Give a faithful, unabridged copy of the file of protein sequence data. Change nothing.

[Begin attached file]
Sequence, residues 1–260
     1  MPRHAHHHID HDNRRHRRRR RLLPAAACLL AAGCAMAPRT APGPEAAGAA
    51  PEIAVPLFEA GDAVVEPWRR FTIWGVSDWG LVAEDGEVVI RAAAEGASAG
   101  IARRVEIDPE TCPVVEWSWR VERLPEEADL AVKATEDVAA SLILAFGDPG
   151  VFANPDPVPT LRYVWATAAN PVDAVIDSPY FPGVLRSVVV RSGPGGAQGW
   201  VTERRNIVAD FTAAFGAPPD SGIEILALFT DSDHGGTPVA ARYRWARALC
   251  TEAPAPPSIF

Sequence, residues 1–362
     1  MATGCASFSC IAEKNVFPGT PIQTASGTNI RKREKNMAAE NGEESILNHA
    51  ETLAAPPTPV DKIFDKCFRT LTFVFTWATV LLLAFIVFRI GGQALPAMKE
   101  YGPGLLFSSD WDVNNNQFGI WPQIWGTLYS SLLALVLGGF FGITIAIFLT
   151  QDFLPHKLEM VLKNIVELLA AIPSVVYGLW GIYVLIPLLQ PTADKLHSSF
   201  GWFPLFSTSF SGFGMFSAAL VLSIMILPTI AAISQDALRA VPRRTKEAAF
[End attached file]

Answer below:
Sequence, residues 1–260
     1  MPRHAHHHID HDNRRHRRRR RLLPAAACLL AAGCAMAPRT APGPEAAGAA
    51  PEIAVPLFEA GDAVVEPWRR FTIWGVSDWG LVAEDGEVVI RAAAEGASAG
   101  IARRVEIDPE TCPVVEWSWR VERLPEEADL AVKATEDVAA SLILAFGDPG
   151  VFANPDPVPT LRYVWATAAN PVDAVIDSPY FPGVLRSVVV RSGPGGAQGW
   201  VTERRNIVAD FTAAFGAPPD SGIEILALFT DSDHGGTPVA ARYRWARALC
   251  TEAPAPPSIF

Sequence, residues 1–362
     1  MATGCASFSC IAEKNVFPGT PIQTASGTNI RKREKNMAAE NGEESILNHA
    51  ETLAAPPTPV DKIFDKCFRT LTFVFTWATV LLLAFIVFRI GGQALPAMKE
   101  YGPGLLFSSD WDVNNNQFGI WPQIWGTLYS SLLALVLGGF FGITIAIFLT
   151  QDFLPHKLEM VLKNIVELLA AIPSVVYGLW GIYVLIPLLQ PTADKLHSSF
   201  GWFPLFSTSF SGFGMFSAAL VLSIMILPTI AAISQDALRA VPRRTKEAAF